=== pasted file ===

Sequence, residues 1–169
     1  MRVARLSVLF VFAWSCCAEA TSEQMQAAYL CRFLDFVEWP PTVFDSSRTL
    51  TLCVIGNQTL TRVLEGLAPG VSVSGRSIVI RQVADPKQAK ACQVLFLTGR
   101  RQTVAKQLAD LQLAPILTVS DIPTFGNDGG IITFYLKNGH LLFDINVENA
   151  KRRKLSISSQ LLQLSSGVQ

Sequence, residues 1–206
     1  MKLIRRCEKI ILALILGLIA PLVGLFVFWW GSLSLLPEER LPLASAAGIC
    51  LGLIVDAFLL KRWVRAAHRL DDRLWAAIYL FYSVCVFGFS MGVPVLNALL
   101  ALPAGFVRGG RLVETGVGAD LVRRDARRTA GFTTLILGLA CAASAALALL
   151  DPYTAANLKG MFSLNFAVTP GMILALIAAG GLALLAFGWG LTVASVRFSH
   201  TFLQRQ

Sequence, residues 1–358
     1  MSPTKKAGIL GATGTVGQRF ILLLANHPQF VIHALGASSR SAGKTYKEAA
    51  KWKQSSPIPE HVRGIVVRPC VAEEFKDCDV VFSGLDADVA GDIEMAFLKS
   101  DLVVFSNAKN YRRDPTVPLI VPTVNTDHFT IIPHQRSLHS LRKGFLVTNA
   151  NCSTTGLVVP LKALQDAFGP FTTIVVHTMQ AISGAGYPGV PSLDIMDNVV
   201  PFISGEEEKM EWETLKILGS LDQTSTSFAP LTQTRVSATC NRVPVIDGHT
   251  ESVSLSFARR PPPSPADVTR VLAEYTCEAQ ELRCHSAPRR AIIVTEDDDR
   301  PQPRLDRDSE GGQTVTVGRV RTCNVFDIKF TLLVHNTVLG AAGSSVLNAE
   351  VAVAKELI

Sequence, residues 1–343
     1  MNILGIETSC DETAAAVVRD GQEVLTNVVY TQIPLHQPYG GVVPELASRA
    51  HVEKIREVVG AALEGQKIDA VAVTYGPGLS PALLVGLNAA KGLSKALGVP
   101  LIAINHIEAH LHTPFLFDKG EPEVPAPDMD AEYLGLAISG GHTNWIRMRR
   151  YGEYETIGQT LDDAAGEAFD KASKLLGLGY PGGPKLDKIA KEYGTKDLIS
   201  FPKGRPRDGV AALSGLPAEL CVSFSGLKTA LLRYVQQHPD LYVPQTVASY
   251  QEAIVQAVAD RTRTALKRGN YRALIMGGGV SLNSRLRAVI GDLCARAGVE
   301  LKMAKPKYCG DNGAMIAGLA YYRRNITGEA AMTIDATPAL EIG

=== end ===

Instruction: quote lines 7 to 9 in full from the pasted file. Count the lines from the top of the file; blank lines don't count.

     1  MKLIRRCEKI ILALILGLIA PLVGLFVFWW GSLSLLPEER LPLASAAGIC
    51  LGLIVDAFLL KRWVRAAHRL DDRLWAAIYL FYSVCVFGFS MGVPVLNALL
   101  ALPAGFVRGG RLVETGVGAD LVRRDARRTA GFTTLILGLA CAASAALALL